And finally, Allyson Brantley examines a consumer boycott against the Coors Beer Company. Launched in the mid-1970s to protest the company’s anti-union, racist, and homophobic policies, the anti-Coors movement has not only never ended but has also bitterly divided at least one of the communities that supported it in the first place.

American readers may wonder: why did we not include at least one article on the most controversial boycott of all, the Boycott, Divest, and Sanctions (BDS) movement for justice in Israel/Palestine?

One reason is that the movement, a mix of cultural and economic tactics launched in 2005 to force Israel to live up to its international human rights obligations. BDS has been so divisive for so long that commissioning work that will not simply reiterate familiar postures and exacerbate even more familiar divisions is a steep challenge.

But a second, more important reason is that we tried—and failed.

BDS, in many ways, displays some of the weaknesses and contradictions of boycott as a tactic: readers will see these illustrated in this issue. It has not succeeded in achieving its goal, justice for the Palestinian people. Nor has BDS been successful in shifting the resistance to Israeli Occupation away from violence, as Hamas’s presence in Gaza, and the brutal conflict that has escalated in the region for the past week, tragically illustrates. Nor has it moved Americans, or American politicians more broadly, to change their minds about Israel’s right to dominate and displace its Palestinian citizens. Israel’s defenders characterize these actions as its right to self-defense, while Human Rights Watch recently identified them as “apartheid actions.”

But BDS has changed minds, and it has successfully made its moral case among young progressives, academics, and activists of color in the United States. It has successfully pushed questions of colonialism, indigeneity, and international oppression to the center of conversations about racial justice in the United States.

This movement touched my life when the American Studies Association voted to uphold a boycott of Israeli educational institutions in 2013. A move that divided the organization bitterly, I initially opposed it, in part because I did not—and still do not—believe that academic organizations ought to ally themselves with political movements. And I deplored the tactics used to bring the motion to the floor of the business meeting.

It made me very unpopular.

Yet, it is also possible to change one’s mind. After robust conversations with scholars and writers I respected, I reversed my decision. The turning point was, I think, novelist Sarah Schulman asking me gently: “So if you care about Palestinian human rights, but you don’t support a cultural boycott, what is your idea about how to create change?”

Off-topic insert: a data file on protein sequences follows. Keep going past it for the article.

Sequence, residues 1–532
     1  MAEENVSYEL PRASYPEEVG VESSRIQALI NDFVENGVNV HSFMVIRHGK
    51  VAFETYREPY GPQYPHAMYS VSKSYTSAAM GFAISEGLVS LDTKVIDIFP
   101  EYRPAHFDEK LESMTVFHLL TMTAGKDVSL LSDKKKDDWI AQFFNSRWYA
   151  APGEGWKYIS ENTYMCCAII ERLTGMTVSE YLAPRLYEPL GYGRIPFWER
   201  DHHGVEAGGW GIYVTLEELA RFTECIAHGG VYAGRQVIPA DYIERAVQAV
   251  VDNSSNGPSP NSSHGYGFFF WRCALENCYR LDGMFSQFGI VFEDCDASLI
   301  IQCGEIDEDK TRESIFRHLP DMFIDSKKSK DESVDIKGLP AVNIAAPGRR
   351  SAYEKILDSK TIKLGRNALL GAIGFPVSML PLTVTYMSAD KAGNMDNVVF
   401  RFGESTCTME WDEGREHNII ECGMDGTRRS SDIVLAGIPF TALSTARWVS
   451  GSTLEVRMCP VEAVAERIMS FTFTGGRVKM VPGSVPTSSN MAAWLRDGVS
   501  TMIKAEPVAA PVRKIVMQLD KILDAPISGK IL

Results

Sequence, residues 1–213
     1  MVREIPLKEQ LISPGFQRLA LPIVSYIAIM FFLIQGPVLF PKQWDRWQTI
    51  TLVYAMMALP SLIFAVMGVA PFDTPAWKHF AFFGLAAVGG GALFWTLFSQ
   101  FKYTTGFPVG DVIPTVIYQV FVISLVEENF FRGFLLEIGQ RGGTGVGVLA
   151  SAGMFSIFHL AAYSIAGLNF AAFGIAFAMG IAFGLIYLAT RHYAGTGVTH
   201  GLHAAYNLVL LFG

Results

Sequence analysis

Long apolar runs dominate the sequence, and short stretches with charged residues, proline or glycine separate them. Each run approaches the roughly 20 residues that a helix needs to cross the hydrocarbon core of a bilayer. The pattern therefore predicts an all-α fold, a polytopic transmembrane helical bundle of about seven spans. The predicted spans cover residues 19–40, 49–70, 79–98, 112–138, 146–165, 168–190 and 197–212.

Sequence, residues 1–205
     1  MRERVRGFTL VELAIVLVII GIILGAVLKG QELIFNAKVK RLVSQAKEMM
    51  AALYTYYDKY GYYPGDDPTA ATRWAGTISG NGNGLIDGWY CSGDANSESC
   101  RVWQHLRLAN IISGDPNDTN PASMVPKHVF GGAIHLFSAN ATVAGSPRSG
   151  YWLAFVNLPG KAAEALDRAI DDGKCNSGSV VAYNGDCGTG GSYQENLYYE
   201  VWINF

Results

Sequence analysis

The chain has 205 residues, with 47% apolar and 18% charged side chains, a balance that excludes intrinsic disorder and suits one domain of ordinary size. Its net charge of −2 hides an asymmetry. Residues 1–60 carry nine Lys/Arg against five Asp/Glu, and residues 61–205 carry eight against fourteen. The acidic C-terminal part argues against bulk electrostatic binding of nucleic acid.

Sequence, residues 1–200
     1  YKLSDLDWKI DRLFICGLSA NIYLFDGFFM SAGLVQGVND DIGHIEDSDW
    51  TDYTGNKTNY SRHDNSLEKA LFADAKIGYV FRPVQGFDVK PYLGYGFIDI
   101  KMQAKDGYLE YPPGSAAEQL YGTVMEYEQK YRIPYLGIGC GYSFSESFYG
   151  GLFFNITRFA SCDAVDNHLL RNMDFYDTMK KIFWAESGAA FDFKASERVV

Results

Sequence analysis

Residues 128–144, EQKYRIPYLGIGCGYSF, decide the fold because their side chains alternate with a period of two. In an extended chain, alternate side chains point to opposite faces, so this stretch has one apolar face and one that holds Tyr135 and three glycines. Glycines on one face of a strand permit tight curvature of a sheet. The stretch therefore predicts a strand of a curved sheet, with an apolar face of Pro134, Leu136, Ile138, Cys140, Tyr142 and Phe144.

Remembering this moment highlights what boycotts can achieve as a social movement: they can potentially create a space for conversation about the worlds we want to make but cannot yet realize. The American Studies Association resolution passed, and numerous members who had belonged for decades disassociated themselves from the organization.

But younger, progressive scholars, for whom the boycott was a vital issue, joined in large numbers. They transformed an organization rooted in the study of American exceptionalism into one focused on race, indigeneity, and colonialism. It was a seismic generational, political and intellectual shift of a kind not seen in an academic organization in decades.

In a sense, the BDS resolution has succeeded. Much like the growing sympathy for Palestinians on the Democratic Left, the ASA’s support for BDS and the Palestinian people has not achieved its political objectives. Still, it created an intellectual space in which Palestinian liberation is now thinkable.

Yet, I could find no one to write about what is undoubtedly a victory of sorts for boycott organizers.

Why? Because even successful boycotts can have a high cost for their organizers. After all, Lord Erne’s tenants remained poor and subjugated by the British for decades, and many undoubtedly ended up in the United States and Australia. After numerous unanswered emails, I finally learned that a lawsuit filed against the ASA in 2016 by former members angry about the resolution is still pending. It seems that attorneys may have counseled the organization’s past and current officers against speaking or writing about the controversy until both sides agree to settle.

What does this teach us about the costs and benefits of a boycott? I am not sure yet.

But as the four essays we published this week illustrate, boycotts now form part of the established repertoire of protest politics – however controversial their premise, or paradoxical their outcomes.

An error in syntax accidentally misidentified Iran as an Arab country in an earlier version of this story: we apologise, and have corrected it.

Claire Bond Potter is Professor of Historical Studies at The New School for Social Research and co-Executive Editor of Public Seminar. Her most recent book is Political Junkies: From Talk Radio to Twitter, How Alternative Media Hooked Us on Politics and Broke Our Democracy (Basic Books, 2020).